Cybersecurity firm SentinelOne had its public offering late last month. The product is very promising as it automates cybersecurity, which eliminates noise so security teams only respond to those that are critical. This reduces human error from fatigue and can also reduce head count much like robotics process automation. However, the valuation overshadows the company’s potential. We’ve written recently about the unusual premium being charged from list price to opening price, yet SentinelOne takes the term “stretched valuation” to a new level with an 80 forward price-to-sales.
SentinelOne Valuation Overview:
The cybersecurity firm SentinelOne debuted on June 30th with the stock trading at $46, higher than the IPO price of $35. Earlier, the company had raised its IPO price twice. The shares jumped 21% on the opening day to close at $42.50, valuing the company at $10.9 billion. The last private valuation was $1.1 billion in February of 2020, with the company trading at a nearly 900% premium for public investors.
SentinelOne’s close competitor Crowdstrike was valued at $11.41 billion on the opening day of trading on June 12th, 2019. SentinelOne’s IPO was bigger than Crowdstrike’s as the company raised about $1.4 billion compared to Crowdstrike’s $703.8 million.
Pictured Above: SentinelOne is strong out the gate, but can it hold?
SentinelOne grew its revenue year-over-year by 100% for the fiscal year ending January 31st, 2021 to $93.1 million. While the growth is extraordinary, the losses did increase from $76.6 million to $117.6 million.
In contrast, CrowdStrike, in its fiscal year ended January 31, 2021, grew its revenue by 82% year-over-year to $874.4 million. Net loss reduced from $141.8 million to $92.6 million. Also, if we compare the previous year of CrowdStrike’s IPO. CrowdStrike fared better as its revenue in the fiscal year ended January 31, 2019 and grew by 110% to $249.8 million. Net loss reduced from $141.3 million to $140.1 million. This is important to look at because Crowdstrike is two years older than SentinelOne. When adjusted for age, we see the competitor was growing at a similar rate at year 8.
Although we won’t know SentinelOne’s forward revenue and analyst consensus won’t be out until the first earnings report, we can do a back-of-the napkin calculation based off its current quarterly revenue of $37 million for an annual run rate of $150 million. At the current 12 billion market cap, the company is trading at an 80 forward P/S compared to Crowdstrike at 42 and Zscaler at 45.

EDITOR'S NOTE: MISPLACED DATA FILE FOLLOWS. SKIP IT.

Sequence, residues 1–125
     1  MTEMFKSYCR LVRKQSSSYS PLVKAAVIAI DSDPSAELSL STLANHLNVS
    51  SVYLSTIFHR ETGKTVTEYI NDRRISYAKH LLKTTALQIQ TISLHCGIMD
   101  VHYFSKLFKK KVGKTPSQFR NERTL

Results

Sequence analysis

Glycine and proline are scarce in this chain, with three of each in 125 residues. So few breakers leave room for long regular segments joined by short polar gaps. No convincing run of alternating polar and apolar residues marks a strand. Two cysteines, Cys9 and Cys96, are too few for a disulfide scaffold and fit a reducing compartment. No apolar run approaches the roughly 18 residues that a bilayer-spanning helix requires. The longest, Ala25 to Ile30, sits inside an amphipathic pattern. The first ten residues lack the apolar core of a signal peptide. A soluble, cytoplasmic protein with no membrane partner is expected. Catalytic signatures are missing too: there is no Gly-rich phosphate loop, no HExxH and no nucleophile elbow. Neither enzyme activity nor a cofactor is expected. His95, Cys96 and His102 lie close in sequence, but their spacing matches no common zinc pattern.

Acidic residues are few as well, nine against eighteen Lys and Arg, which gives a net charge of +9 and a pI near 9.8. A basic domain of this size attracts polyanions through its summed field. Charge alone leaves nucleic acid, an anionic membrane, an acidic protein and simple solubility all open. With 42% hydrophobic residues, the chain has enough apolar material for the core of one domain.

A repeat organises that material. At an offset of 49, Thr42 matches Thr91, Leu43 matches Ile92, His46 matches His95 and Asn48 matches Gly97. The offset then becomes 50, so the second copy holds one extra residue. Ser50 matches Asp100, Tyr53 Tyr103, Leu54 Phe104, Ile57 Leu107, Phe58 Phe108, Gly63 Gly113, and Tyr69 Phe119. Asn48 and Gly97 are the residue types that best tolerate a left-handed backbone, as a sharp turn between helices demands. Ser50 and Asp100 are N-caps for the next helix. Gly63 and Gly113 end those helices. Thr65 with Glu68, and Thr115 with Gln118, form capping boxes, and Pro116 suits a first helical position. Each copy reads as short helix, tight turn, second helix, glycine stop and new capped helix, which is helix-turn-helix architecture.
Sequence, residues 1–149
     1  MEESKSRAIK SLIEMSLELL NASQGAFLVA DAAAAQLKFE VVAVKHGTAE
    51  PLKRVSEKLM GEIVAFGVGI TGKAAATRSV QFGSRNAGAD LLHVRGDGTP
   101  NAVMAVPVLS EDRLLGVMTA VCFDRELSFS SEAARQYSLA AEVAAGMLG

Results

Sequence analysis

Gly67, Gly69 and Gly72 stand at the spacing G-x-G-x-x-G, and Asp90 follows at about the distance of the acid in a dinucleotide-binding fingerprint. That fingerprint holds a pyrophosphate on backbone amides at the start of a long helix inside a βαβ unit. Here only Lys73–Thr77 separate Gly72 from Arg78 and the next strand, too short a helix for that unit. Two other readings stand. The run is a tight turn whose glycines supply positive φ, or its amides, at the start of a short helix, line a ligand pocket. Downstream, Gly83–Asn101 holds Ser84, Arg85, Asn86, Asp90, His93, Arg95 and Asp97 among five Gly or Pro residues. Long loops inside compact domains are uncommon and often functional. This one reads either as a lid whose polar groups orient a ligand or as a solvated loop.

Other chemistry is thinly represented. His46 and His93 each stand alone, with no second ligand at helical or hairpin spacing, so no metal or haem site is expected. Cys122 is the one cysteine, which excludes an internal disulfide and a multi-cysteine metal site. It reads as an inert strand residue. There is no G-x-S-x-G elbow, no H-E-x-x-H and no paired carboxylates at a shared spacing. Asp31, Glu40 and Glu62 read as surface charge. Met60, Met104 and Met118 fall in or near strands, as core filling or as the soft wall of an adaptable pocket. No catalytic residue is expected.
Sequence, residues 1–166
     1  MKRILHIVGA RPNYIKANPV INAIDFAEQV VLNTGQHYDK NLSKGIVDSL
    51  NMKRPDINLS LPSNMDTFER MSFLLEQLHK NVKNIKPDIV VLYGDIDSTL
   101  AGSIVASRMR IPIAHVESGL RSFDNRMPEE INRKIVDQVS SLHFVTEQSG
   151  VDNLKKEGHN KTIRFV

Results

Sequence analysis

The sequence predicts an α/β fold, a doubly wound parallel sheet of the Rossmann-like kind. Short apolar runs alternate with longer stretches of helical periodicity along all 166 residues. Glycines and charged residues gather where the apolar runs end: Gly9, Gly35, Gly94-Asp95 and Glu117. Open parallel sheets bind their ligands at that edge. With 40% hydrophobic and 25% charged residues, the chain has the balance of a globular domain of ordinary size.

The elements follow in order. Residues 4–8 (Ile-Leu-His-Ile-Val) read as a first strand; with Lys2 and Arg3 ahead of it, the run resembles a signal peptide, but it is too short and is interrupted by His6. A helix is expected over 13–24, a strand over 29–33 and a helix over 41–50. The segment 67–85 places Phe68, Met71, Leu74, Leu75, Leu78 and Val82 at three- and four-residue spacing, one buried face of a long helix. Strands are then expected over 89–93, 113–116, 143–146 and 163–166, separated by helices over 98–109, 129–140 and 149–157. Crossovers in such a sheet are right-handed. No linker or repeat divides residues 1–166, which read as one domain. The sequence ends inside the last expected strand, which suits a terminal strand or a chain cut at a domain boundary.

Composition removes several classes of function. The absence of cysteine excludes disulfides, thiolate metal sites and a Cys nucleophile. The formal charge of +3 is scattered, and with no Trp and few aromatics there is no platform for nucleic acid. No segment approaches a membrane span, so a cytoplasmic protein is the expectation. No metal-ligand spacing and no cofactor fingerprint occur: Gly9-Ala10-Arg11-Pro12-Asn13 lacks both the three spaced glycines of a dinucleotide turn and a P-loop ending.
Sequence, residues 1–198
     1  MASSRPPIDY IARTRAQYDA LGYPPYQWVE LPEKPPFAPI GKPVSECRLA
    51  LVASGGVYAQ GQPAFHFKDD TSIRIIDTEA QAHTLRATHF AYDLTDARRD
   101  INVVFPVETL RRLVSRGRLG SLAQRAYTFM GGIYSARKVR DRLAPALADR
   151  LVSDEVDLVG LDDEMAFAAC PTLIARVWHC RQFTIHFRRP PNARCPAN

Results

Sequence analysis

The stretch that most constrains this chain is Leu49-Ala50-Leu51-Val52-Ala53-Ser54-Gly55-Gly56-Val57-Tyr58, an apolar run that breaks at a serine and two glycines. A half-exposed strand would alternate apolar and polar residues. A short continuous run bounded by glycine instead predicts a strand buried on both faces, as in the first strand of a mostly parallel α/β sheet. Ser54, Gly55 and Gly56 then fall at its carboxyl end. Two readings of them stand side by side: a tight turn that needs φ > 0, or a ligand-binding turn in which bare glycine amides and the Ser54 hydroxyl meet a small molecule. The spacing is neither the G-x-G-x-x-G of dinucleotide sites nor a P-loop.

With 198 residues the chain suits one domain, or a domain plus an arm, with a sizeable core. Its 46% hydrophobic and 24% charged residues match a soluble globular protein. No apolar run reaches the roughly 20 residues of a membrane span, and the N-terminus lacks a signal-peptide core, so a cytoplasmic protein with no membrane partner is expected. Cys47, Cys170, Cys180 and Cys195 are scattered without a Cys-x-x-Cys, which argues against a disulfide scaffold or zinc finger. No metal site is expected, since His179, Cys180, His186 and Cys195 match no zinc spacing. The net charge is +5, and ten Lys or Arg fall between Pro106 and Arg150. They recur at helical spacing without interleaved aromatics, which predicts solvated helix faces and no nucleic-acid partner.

Cyber Attacks are Increasing:
Cyberattacks are becoming more prevalent. According to Cybersecurity Ventures, cybercrime will cost the world around $10.5 trillion annually by the year 2025. This is one of the reasons why companies like SentinelOne and Crowdstrike are illustrating rapid growth.
According to IDC, the addressable market for the company’s solutions is expected to reach $40.2 billion in 2024, growing at a Compound Annual Growth Rate (CAGR) of 11.9% between 2021 and 2024. It mainly comprises of:
- Corporate Endpoint Security A $9.7 billion market in 2021 and growing to $12.0 billion in 2024; comprising Modern Endpoint Security, Server Security (physical servers and cloud workload security), Information Protection and Control, and Endpoint Management.
- Cybersecurity Analytics, Intelligence, Response, and Orchestration. A $13.1 billion market in 2021 and growing to $17.1 billion in 2024; comprising Device Vulnerability Assessment, Forensics and Incident Investigation, Policy and Compliance, Security Device Systems Management, Security Information and Event Management, or SIEM, and Software Vulnerability Assessment.
- IT Operations Management. A $5.9 billion market in 2021 and growing to $11.1 billion in 2024.
According to ResearchAndMarkets.com, the worldwide cybersecurity industry is expected to reach $345.4 billion by 2026 growing at a Compound Annual Growth Rate (CAGR) of 9.7% from 2021 to 2026. Global Market Insights Inc. estimates that the cybersecurity market will grow from $170 billion in 2020 to $400 billion in 2027.